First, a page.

When we think about what literature is we break it down into parts which follow in succession. We think of the writer, then the book, and then finally the reader. Or we think of writing, what is written, and the truth. Of finally, we think of the writer of no name, then the writer who writes, then the one who is the result of the work, then finally the one, who attempts to save the work against the world through its truth. When someone asks what literature is, then every time one answer is given, the response always refers to a different stages that contradicts it. Thus someone says that the work is a failure, but the author replies that failure belongs to the essence of the work and so on. And the same is the case when someone addresses the writer directly.
Does all of this mean that literature is nothing? Those who work, who wish to change the world, we say that literature is an idle past time (today students are told they must get a job, and why read literature since it does not give you a job). Real work is that activity which changes the world through an idea, like building a bridge or roads. Literature does not create anything. But if we think of work as the transformation of the world and thereby ourselves, and the world again, literature is the highest form of work, and not the lowest. When I work, I produce an object, an object is the realisation of something that was not there before. Imagine that I want to get warm. To get warm I have to transform reality around me. But this means negating what is immediately there. I have to light a fire, and thus to keep warm I destroy the wood. The world is transformed through negativity. This is what Hegel and Marx teach us.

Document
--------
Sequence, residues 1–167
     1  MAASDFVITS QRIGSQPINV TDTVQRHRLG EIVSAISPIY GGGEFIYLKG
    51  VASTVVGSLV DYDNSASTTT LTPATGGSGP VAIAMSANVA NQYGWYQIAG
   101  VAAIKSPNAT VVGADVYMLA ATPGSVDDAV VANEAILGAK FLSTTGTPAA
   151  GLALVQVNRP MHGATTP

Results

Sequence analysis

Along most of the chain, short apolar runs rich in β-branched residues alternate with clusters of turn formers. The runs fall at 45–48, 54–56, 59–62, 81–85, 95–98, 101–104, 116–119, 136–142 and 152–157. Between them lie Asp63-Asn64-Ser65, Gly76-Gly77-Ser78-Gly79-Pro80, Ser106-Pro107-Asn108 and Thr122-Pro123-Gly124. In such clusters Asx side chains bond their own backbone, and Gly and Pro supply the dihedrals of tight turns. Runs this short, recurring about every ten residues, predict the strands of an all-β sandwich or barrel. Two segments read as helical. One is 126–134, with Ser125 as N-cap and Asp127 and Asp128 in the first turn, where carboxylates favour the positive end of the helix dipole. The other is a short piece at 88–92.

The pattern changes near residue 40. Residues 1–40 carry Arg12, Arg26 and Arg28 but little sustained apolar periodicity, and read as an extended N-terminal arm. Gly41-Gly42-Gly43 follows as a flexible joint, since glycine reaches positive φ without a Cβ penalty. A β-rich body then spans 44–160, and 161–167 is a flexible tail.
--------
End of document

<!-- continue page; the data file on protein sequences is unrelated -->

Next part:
What else is the writer doing but transforming the world through negative, but at the 'highest degree' for he transforms the 'totality of language' that existed before he changes the world (think of Borges' essay about Kafka - that as soon as one has read Kafka, then one sees the 'Kafkaesque' every where. But as the same time as the work transforms the world, the reality of language, it also transforms me. The work is always an experiment, and always contains more in it then I could have foreseen in writing it: 'in the presence of something other, I become other.